Retail Briefing Nov 2019

by Centre For Retail Research Retail Briefings Who’s Gone Bust Briefings

Retail Briefing Nov 2019

We have started the Christmas period with sales statistics for UK retailing that can only be described as 'gloomy'. Sales and profits problems at Boots The Chemists and Marks & Spencer are however only part of the story, which has seen sales and profits rise at retailers like Greggs, Travis & Perkins/Wickes, Primark and T K Maxx. The UK branch of Mothercare has been kicked into touch by its owners who have absolutely no idea what to do with it, while Debenhams and the House of Fraser are still in the doldrums. B&M is to add 46 new stores in the next six months to its current total of 645 B&Ms and 270 Heron Foods/B&M Express branches. Primark is to open another 19 stores in 2020.

British Land, the £4.8bn landlord of shopping centres, retail parks and stores, reported that its assets had lost 10.7% in value (-£599m) in the half-year to September 2019, compared to an 11.1% fall in the previous half-year. The business's loss was -£440m  this half year, compared to -£42m in the previous half year.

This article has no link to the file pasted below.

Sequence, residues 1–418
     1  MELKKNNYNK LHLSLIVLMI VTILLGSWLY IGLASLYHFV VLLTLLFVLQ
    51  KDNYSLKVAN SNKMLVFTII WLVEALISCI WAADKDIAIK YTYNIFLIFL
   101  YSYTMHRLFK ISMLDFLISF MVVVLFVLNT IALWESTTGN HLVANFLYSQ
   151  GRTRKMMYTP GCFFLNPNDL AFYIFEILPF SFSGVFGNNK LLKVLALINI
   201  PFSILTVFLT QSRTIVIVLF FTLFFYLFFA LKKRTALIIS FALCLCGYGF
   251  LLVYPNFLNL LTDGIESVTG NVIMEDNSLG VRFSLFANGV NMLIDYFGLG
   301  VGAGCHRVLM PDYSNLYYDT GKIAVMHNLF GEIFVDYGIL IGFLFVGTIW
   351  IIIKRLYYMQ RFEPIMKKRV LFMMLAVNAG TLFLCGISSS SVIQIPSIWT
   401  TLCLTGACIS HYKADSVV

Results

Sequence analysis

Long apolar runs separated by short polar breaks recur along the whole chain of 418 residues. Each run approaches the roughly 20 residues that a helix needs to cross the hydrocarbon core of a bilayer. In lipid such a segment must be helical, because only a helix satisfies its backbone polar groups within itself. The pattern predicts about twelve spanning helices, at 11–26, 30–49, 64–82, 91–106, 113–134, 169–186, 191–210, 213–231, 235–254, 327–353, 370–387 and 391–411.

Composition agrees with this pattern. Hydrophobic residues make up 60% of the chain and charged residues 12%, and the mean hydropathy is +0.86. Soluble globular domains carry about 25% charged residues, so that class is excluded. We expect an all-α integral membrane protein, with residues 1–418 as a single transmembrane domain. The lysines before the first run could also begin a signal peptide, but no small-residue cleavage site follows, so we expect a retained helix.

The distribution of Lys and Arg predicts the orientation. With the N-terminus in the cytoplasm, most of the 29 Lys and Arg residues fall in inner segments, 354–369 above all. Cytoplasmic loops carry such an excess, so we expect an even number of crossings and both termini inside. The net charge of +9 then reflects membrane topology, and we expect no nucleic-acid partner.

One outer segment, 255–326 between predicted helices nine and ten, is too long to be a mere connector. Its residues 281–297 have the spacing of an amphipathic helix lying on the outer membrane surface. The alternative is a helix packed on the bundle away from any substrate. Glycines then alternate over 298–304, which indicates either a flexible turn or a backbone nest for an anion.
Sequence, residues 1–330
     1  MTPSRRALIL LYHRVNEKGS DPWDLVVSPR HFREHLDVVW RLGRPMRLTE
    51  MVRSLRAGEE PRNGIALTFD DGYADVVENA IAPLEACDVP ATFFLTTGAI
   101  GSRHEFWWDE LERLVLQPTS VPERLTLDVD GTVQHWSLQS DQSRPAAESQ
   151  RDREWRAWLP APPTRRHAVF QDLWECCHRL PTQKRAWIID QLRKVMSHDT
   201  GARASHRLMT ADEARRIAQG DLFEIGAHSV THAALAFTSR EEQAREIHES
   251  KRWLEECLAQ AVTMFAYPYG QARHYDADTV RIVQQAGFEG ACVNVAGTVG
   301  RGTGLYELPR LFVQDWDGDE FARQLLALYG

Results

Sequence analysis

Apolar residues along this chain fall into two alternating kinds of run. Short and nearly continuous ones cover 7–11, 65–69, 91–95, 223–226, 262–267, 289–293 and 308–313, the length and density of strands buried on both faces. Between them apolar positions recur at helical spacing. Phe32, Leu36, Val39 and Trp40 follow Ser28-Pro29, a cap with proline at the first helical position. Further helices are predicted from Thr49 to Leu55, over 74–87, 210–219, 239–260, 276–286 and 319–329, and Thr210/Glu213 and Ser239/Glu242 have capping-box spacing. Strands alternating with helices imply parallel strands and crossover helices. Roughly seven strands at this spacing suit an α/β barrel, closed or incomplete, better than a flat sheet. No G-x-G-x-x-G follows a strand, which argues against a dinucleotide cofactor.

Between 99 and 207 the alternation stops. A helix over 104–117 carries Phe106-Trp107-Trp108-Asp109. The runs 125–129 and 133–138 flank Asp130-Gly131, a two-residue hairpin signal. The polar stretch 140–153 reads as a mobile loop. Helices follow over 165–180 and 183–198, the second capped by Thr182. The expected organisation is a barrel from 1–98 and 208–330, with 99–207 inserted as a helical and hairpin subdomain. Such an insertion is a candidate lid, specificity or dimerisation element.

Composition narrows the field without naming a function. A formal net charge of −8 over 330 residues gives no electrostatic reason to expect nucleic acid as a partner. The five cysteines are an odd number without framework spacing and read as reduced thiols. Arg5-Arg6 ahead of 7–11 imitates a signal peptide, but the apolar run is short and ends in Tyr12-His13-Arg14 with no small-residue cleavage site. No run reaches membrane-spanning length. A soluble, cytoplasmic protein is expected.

Our figures shown that in the ten months to early November 2019, 130,000 jobs have been lost in the retail industry. By the end of December this may rise to 150,000. 

There are a couple of recent strategic trades that are just as ominous.  

Carpetright. This large chain of almost 370 stores is being sold to hedge-fund Meditor for as little as £15.2m. Meditor is its largest shareholder and now owns much of its debt. The Company requires around £80m to pay off its debts (£50m) and fund the upgrade of the business.  Carpetright is already part-way through its programme of closing 92 stores. 

Bensons for Beds, Harveys, Relyon. Steinhoff is a German/South-African retail business that owns Bensons for Beds, Harveys and manufactuer Relyon. It has now sold its UK furniture division to private-equity fund Alteri to concentrate on its other businesses in Europe and South Africa. The company has been beset by scandal since possible accounting irregularities were alleged. Other subsidiaries include: PepCo, Poundland, Dealz (Ireland) and Conforama (France).